The Bank of England unleashed £75 billion of emergency support today after admitting "tensions in the world economy" threatened the UK's recovery.
Its Monetary Policy Committee (MPC) voted to boost the Bank's quantitative easing (QE) programme - effectively printing more cash - from £200 billion to £275 billion and hold interest rates at 0.5%.
The move, dubbed QE2, is the first change to QE since November 2009 and is the clearest signal yet that the Bank thinks Britain is on the brink of a double-dip recession.
Business leaders welcomed the announcement after figures revealed Britain suffered a deeper recession and is recovering more slowly than first thought.
However, the decision raised fears of a surge in the already-high rate of inflation, which would erode savings and pension funds.
Elsewhere, the European Central Bank (ECB) offered new emergency loans to banks to help steady a eurozone financial system shaken by the region's deepening debt crisis.
Alan Clarke, UK economist at Scotia Capital, said: "Once again the BoE has made use of its secret weapon - shock and awe. Pretty much everyone expected QE to restart at some point - but it was only a minority view that it would start this soon, or in excess of £50 billion."
A report by the Bank into the effect of QE on the economy previously found the stimulus measure provided a "significant" benefit to growth and helped GDP increase by around 1.5% and 2%. This was equivalent to dropping interest rates by between 1.5% and 3%.
The MPC said its members made the decision to boost QE over the next four months because the slack in the UK economy will likely be "greater and more persistent than previously expected".
The Bank said the pace of growth in the UK's main export markets had slowed while the eurozone debt crisis and its impact on financial markets were dragging on Britain's recovery.
The committee also warned the squeeze on household incomes and the Chancellor's austerity measures are likely to continue to restrict spending while ongoing strains on the banks will limit credit supply.
The deterioration in the economic outlook means it is more likely that inflation - which hit 4.5% in August - will undershoot the 2% target in the medium term, the Bank added.
David Kern, chief economist at the British Chambers of Commerce, welcomed the move but said increasing QE was not enough to support businesses.
"In the face of the risks facing Britain's recovery, it is important to make every effort to underpin business confidence and avoid a setback," he said.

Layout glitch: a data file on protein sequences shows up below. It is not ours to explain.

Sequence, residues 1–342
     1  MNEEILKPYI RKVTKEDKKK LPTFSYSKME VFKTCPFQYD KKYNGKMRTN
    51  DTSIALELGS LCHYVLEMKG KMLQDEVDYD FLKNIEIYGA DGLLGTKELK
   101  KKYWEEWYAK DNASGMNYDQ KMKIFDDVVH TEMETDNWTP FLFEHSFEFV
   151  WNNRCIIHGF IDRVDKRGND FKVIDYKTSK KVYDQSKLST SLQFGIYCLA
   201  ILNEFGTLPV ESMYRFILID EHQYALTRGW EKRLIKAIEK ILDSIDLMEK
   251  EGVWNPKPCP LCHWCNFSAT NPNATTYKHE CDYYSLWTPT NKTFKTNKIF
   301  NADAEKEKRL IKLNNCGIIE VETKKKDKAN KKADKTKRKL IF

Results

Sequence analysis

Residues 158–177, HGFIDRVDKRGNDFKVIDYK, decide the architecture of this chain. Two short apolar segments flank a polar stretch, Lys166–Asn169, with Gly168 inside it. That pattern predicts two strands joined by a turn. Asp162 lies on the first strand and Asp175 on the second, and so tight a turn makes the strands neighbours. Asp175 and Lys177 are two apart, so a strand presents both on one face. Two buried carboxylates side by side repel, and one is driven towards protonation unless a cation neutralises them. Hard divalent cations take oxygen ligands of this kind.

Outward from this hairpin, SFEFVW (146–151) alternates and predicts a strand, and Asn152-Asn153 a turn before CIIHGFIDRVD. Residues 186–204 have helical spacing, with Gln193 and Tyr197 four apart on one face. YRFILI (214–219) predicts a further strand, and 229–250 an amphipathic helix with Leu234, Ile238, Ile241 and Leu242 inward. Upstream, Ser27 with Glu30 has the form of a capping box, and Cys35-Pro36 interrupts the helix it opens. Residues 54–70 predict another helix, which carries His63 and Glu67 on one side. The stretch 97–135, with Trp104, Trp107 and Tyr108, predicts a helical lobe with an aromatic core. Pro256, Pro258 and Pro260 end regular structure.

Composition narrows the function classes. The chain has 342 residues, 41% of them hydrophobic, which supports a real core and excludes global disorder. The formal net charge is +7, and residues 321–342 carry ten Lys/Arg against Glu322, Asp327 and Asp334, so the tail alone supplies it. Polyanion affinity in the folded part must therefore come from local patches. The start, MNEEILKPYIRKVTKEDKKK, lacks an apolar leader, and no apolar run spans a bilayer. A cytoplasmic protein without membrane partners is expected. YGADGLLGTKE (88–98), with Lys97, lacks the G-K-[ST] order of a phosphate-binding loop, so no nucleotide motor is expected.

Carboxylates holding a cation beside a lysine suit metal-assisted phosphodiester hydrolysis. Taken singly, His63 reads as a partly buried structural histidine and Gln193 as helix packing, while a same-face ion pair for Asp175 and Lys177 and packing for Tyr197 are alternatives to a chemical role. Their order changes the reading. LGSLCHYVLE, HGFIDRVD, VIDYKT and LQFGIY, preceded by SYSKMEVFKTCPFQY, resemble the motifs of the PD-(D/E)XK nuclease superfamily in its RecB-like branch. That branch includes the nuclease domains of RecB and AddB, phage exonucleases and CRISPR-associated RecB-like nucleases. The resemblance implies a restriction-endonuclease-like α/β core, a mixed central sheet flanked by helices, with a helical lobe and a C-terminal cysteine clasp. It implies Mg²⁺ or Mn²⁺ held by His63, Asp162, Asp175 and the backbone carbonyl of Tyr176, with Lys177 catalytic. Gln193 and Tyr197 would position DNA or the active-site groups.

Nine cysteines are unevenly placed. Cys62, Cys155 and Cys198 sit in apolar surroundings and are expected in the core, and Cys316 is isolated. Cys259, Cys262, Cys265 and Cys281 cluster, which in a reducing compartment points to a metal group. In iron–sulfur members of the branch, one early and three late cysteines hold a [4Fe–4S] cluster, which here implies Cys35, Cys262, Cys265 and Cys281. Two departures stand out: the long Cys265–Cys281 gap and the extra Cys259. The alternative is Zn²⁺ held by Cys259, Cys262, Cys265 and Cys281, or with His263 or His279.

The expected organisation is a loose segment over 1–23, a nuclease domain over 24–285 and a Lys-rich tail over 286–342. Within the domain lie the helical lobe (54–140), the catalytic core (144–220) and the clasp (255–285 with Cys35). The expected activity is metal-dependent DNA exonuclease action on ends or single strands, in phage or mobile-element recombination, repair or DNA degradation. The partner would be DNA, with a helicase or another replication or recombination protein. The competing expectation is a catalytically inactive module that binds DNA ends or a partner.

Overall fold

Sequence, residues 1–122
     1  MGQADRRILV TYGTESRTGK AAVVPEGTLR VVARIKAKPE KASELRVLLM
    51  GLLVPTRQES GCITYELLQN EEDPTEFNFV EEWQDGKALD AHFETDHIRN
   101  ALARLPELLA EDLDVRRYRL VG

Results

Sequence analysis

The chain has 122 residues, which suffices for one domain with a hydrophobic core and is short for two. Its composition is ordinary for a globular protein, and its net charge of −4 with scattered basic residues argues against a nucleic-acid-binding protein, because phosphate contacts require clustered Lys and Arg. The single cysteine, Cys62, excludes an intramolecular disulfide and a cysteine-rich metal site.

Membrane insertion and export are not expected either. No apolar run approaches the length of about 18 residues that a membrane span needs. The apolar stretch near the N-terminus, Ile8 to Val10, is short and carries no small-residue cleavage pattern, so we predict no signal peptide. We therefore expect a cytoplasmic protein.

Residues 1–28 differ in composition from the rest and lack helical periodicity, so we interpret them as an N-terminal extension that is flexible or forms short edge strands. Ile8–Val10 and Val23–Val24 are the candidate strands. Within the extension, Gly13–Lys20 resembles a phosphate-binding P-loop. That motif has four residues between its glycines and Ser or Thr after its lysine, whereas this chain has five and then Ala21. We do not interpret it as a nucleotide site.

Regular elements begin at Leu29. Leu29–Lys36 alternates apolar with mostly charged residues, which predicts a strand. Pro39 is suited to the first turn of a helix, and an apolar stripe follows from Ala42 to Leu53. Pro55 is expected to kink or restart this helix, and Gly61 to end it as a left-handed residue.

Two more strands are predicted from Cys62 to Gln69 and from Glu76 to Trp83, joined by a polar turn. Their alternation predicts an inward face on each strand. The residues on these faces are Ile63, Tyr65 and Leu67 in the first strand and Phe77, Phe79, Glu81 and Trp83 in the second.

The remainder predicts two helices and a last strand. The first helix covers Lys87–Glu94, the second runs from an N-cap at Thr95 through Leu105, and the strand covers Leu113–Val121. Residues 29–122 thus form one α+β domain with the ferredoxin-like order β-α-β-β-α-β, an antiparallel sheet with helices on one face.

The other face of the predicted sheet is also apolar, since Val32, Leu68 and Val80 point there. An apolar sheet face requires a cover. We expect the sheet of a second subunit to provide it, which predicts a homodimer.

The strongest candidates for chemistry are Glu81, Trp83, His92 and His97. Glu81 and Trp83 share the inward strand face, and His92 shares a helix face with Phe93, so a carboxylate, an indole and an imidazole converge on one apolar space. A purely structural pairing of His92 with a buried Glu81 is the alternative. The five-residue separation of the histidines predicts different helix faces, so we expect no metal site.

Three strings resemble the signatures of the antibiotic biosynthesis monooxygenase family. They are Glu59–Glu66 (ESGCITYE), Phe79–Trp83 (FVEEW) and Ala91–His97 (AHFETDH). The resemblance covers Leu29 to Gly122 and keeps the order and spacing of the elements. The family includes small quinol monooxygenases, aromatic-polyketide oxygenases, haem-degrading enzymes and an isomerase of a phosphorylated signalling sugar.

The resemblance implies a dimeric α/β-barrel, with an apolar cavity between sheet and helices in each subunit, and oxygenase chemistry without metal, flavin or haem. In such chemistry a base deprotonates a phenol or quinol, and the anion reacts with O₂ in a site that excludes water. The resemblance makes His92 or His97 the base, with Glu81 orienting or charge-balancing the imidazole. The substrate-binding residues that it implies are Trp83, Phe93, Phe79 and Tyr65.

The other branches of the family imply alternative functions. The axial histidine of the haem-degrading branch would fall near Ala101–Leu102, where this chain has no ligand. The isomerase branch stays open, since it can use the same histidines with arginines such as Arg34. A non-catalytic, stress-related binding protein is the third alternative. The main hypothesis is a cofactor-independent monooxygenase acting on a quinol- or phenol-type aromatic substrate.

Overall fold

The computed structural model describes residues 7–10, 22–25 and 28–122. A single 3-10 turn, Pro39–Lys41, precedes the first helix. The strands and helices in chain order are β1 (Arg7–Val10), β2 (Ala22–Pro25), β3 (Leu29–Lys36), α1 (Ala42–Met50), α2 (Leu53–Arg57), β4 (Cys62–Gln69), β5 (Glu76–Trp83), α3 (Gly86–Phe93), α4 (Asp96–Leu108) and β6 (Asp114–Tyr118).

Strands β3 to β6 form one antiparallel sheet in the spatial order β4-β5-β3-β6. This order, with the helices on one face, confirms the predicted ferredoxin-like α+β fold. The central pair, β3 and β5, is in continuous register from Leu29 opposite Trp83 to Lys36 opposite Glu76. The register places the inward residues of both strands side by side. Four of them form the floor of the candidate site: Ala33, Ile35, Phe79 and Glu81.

"However, higher QE on its own is not enough, and we urge the MPC to look at other radical methods."
John Walker, national chairman of the Federation of Small Businesses, said it was vital the cash went to businesses and was not swallowed up by the banks.
He said: "It is important that in an attempt to boost short-term demand that small businesses can directly benefit from this cash injection and that the banks use it to decrease the cost of credit and to increase the availability of lending."
QE can fuel inflation which could spell more gloom for savers who have seen their pots chipped away by the high cost of living and low interest rates.
In addition, QE increases the cost of gilts - government-backed bonds which fund annuities, the level of pension payments - and by keeping interest rates down, reduces the overall return on pensions.
Joanne Segars, chief executive at the National Association of Pension Funds (NAPF), warned increased QE would have "adverse consequences" for pension funds in the short-term.
She said: "Quantitative easing makes it more expensive for employers to provide pensions, and will weaken the funding of schemes as their deficits increase. All this will put additional pressure on employers at a time when they are facing a bleak economic situation."
Dr Ros Altmann, director general of over-50s lobby group Saga, said further QE was "like launching the Titanic" due to its potential impact on savings.
She said: "The last round of QE was supposed to stimulate UK growth and fight deflation, but instead it boosted prices, bank bonuses and borrowers' balance sheets. It actually created asset bubbles and inflation, not sustainable growth."
Elsewhere, fears are increasing over the future of the eurozone as Greece fights to stave off a debt default, Italy's public finances come under pressure and major European banks falter.
The ECB held interest rates - some had expected them to be cut - but instead offered an unlimited amount of 12-month and 13-month loans to banks. The measures are designed to keep the financial system working properly.